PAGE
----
Point Break

“I don’t want to drive when I grow up,” Liam says.

He and the century have entered their third lustrum, which is a rough Latin translation of the Soviet five year plan.  In short, he’s eleven. The boy’s seen up close our struggles here at City Without Cars.  “I’m not going to drive,” Liam goes, “I’m going to have a chauffer.”

He runs some rap lines with chauffer it and show for it, like he’s Biggie Smalls, and then gets down to the particulars of how long his limousine is going to be.  At some point the limousine is so long he just leaves it parked between here and school and he can walk to school in it.  Have a story about hard times for his own kids, who’ll probably have disappointingly short limos.

We live under Canada, the land of indefinite detention.  In the cosmic imperium, as opposed to the Rand McNally, Canada is below America which is, in turn, under God.  We bought a pile of brick here in a year of near-plenitude (marry in haste, repent at leisure), and soon I will have to go to what my dad used to call the rock pile?daily male labor that gets a certain type of recognition?to keep the bankers in Lexae.  One lustrum, two lustrae, I guess, so: one Lexus, two or more Lexae.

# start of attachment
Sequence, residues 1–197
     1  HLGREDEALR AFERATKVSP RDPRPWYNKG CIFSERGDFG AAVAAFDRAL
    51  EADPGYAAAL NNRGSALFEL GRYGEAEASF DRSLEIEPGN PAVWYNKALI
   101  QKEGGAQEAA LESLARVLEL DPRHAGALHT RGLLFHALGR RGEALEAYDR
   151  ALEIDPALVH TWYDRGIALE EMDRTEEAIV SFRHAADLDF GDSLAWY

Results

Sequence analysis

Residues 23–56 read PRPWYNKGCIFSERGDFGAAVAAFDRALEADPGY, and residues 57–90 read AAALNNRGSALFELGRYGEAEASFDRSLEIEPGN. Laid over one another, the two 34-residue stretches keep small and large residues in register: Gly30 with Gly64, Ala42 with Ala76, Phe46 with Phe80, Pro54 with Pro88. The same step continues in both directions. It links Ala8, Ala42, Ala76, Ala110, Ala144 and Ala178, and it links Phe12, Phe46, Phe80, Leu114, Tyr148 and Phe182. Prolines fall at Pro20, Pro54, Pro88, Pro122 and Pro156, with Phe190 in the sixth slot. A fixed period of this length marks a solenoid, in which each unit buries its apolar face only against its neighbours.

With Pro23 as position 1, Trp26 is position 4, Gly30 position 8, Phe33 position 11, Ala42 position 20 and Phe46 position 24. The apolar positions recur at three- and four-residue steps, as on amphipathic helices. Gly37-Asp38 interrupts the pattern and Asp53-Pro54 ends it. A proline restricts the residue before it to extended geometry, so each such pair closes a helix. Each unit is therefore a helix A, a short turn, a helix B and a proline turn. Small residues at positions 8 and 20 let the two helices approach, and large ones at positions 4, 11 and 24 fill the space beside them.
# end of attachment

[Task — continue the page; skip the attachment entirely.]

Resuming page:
Every morning my dad’d say, “off to the rock pile,” and seal the contract by kissing my mother, who stood on the third stair to be tall enough for the ritual.

Do men go to work to seal the deal on that high-class dumb hoarding whoredom, bourgeois marriage, or to mend their broken hearts?  Capital’s got a nice fat niche even for our sorrow.  As far as sorrow goes, well, I’ll tell you about an incident this morning with a very tiny pebble the exact same color as the road.  The pebble’s in my pocket right now, in fact.  A little keepsake.  A longboard is to a pebble as Goliath to David.  As soon as I hit the pebble, a well-muscled man my age on a bike came by, retrieved the longboard from some traffic for me, and gently suggested I wear a helmet.  “Broken heart, broken head,” I shrugged.  “Just trying to even things up.”  “I know all about that,” he said.  “All about it.”  And he rode off.